# Calculator blog

401 - 406 of 406 results
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## The HP85 and my 7 year old

This last Saturday my 7 year old asked me about the green suitcase in the mountains cabin. "What's this, Dad?

"A portable computer, Guillermo"

"That big? Can I see it?"

"Yes you can"

"What can you do with it? Can we see YouTube with it?" (sometime ago he asked me "when you were a child, did you like to use Google?" How to explain that there was no Youtube, no Google, no www, and in my case, no network even around 1981 )

"No, you can't"

"what can you do with it, then?"

"You can make programs. You instruct the computer to do what you want"

"you are joking, aren't you? Does it work?"

"Yes it does. See?"

"What's that thing on the right?"

"A tape drive. It is like a USB memory - just slower and with less memory. You can write your programs in it, and you can retrieve other programs other people have written. Do you want to tell something to do to the computer? Let me help you."

"OK. Let's have it print 'IRONMAN' on the printer.

10 PRINT "IRONMAN"

20 END

"OK. How can it print it many, many times?"

"Let's try"

10 PRINT "IRONMAN";

20 GOTO 10

"Isn't GOTO misspelled?"

"No. It is a program keyword. It is not English. It is a computer language, similar to English. It is used to give instructions to the computer. Let's try something else. Now you are learning how to multiply. Let's have the computer print the multiplication tables, OK?"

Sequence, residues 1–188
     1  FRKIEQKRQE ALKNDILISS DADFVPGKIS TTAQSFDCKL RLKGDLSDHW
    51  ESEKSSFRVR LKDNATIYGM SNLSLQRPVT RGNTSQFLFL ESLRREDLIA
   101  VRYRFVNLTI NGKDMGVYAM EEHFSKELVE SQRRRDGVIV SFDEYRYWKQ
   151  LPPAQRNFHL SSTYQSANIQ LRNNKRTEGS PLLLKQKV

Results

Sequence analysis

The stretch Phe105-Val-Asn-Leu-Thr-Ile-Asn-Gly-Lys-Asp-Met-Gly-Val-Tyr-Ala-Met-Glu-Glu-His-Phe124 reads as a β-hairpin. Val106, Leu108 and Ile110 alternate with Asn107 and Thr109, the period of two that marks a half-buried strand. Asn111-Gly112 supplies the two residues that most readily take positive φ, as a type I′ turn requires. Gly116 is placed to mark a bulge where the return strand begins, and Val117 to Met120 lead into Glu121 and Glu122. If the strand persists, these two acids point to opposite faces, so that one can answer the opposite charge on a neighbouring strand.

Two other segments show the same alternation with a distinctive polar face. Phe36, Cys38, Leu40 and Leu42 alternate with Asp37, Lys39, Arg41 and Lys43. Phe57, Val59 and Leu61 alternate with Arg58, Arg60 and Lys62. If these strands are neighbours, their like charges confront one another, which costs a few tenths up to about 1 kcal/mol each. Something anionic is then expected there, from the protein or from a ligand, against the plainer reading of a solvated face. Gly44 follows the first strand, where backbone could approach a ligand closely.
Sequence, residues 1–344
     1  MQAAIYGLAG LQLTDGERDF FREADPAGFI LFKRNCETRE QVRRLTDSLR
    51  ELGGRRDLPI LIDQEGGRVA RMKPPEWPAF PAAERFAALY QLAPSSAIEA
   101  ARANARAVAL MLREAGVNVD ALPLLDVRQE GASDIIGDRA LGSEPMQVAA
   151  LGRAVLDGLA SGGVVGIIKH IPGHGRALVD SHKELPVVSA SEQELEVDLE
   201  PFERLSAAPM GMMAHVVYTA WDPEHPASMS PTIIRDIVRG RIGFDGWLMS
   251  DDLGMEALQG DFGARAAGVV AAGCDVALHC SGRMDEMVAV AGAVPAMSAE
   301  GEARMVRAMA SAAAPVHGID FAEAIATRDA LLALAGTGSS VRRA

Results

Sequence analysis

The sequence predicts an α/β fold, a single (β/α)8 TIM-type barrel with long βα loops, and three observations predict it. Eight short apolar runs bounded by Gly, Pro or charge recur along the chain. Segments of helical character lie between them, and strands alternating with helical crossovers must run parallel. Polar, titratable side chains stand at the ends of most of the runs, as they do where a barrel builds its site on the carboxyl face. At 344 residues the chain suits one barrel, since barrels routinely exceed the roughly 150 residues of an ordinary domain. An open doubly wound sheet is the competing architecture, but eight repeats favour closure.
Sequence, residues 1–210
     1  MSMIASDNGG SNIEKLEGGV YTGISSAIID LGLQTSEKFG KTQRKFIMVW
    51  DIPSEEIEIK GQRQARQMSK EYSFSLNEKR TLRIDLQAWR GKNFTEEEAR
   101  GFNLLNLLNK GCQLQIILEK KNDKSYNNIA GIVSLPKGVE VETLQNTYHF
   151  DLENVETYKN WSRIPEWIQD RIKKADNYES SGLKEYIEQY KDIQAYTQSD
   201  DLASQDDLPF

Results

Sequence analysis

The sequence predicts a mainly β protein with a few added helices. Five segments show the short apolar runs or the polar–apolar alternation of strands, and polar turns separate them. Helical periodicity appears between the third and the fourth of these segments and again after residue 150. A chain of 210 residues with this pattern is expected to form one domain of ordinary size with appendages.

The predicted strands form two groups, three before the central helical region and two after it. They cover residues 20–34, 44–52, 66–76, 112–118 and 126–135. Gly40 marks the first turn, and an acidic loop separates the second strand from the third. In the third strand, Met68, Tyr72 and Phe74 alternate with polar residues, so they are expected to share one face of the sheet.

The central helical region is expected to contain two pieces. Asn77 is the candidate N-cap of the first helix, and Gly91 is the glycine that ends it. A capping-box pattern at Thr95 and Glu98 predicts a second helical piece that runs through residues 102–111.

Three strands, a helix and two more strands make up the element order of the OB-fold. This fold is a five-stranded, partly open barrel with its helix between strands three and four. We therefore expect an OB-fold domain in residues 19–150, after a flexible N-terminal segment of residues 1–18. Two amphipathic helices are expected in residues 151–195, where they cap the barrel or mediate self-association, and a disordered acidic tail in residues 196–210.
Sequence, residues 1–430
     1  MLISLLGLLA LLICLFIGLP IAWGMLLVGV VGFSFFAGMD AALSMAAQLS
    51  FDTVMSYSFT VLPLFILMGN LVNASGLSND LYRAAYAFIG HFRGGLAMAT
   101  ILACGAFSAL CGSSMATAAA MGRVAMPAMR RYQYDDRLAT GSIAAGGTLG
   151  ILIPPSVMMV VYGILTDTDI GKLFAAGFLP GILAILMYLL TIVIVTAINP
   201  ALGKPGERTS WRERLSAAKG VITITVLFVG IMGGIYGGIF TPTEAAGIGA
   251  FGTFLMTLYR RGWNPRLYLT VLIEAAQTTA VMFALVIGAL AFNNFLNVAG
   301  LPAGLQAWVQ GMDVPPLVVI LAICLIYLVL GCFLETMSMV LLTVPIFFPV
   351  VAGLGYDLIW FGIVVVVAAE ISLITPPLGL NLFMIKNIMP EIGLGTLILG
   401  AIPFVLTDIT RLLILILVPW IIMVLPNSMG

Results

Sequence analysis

"OK"

10 REM GUILLERMO'S MULTIPLICATION TABLES (some explanations on what is a comment)

20 DISP "WHAT MULTIPLICATION TABLE TO DISPLAY";

30 INPUT T ("T is the name of a box where we put the number we want to print the table for. It is called "a variable"")

40 FOR I=1 TO

50 PRINT I;" X ";T;" = ";I*T

50 NEXT I

60 END

"Dad, can we tell the computer to play a game?"

"Yes, we can, but that'll take longer. Besides, you need now to do your homework. Next week end, OK?"

"OK"

It had been a wonderful afternoon. He was hooked. Next week we will try to do some drawings.

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## Convert HP15c in a financial calculator - in addition to be one of the best scientific there were!

Let's start a short project.

As engineer, I tend naturally to scientific calculators, but in the daily life we need to get into business more often than not.

You need to discuss the profitability of investments, their net present value, and several value of time issues. That is, IRR, NPV, TVM.  While it would be good to have flows as long as you need, in my company all projects are calculated over 10 years - except acquisitions, and these are not discussed over a calculator.

You need to plan projects, and need to calculate how many days are left from now to then - that is, DATE+ and DDATE calculations.

Regarding %'s, the HP15c comes with % and increment%, but it misses the %T. It will be good to have a weighted average as well.

Depreciation is always linear - I do not need to make a program to calculate that. Bonds I will not use.